DO,REb,MI,FA,SOL,LAb,SI,DO

right

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« Reply #9 on: June 25, 2015, 01:30:54 PM »
Hitzazkiar
C - Db - E - F - G - Ab - B - C


Up to the G, your playing Hitzaz.  By flattening the A, you make it Hitzazkiar.
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Offline SOLO

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« Reply #10 on: June 26, 2015, 01:38:44 AM »
right
Hitzaskiar are 2 Hitzaz

Offline billy51100

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« Reply #11 on: September 21, 2017, 01:31:45 AM »
Yes, makams, as far as I know, are built one over another one. Hicazkar is hicaz for the begining of the scale, and from the 5th (G if we are in C), play hicaz again.

Offline Eleftarios

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« Reply #12 on: September 21, 2017, 07:45:57 PM »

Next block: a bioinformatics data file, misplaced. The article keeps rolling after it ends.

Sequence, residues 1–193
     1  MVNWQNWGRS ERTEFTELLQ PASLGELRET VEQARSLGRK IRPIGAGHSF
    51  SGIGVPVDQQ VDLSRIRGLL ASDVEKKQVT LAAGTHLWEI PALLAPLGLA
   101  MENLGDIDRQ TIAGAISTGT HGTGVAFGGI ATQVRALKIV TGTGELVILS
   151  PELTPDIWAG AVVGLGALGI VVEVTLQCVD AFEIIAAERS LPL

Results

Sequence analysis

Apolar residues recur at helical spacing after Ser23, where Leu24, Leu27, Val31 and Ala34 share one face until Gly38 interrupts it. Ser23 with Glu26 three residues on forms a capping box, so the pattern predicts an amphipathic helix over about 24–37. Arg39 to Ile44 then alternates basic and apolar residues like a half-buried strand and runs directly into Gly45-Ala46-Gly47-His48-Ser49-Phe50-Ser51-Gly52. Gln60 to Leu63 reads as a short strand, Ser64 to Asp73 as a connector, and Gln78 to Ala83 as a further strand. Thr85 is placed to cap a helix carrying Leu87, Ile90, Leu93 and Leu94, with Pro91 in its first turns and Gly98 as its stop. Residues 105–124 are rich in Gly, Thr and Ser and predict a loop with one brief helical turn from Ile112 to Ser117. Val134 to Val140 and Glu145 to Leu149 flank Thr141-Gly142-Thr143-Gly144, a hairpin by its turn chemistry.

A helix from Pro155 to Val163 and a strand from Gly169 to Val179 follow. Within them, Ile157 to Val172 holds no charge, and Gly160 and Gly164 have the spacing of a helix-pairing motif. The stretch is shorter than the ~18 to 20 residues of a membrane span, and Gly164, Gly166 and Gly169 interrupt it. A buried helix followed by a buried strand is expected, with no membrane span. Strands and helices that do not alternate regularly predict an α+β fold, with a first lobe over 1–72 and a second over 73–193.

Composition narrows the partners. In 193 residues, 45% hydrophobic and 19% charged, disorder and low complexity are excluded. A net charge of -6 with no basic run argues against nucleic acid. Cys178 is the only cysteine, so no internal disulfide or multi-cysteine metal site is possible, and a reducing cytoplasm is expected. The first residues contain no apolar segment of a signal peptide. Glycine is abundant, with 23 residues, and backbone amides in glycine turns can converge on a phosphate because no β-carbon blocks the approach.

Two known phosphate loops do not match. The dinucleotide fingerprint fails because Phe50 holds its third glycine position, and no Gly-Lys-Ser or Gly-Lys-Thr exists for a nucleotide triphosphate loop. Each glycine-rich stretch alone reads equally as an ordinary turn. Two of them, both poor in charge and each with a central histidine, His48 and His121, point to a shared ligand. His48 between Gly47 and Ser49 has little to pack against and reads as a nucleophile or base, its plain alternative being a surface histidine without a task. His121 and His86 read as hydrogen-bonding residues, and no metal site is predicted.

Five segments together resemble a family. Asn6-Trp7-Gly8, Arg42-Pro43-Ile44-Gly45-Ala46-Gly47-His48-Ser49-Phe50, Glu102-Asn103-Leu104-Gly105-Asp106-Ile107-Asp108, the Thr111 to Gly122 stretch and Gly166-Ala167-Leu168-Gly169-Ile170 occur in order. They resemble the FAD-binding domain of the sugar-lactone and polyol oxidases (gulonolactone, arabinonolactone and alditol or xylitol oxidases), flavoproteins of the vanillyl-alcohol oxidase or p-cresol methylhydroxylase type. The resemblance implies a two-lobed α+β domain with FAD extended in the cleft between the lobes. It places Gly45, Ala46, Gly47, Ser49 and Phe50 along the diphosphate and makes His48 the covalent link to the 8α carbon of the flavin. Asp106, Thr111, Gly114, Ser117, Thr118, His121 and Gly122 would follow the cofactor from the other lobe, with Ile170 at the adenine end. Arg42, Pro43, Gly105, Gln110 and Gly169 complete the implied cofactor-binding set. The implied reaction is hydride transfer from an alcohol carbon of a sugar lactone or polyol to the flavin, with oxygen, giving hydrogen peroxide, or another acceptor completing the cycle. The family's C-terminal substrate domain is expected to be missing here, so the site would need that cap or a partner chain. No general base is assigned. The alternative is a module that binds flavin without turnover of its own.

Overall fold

DO RE# FA SOL LA# DO   This is pentatonic scale
now with MI and SI it becomes a Blues Scale, I think,
but I wouldn't bet on it  :huh: :huh:   
Close but not quite right! La# should be Si flat. Maybe a fine point (A# = Bb on any piano) except within the maqam philosophy there would be a profound difference.

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« Reply #13 on: September 21, 2017, 07:56:29 PM »
And it's kinda pentatonic (=5 notes -- thank you greeks). But some pedagogues argue that the blues scale is actually an equidistant division of an octave into 6 parts, brought to the americas by African slaves, and which is unplayable on the the brass and woodwind instruments of European tradition that they used to create blues and jazz. So we have what we have mashed into the equal tempered octave. Interesting to think upon.

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« Reply #14 on: September 21, 2017, 08:22:26 PM »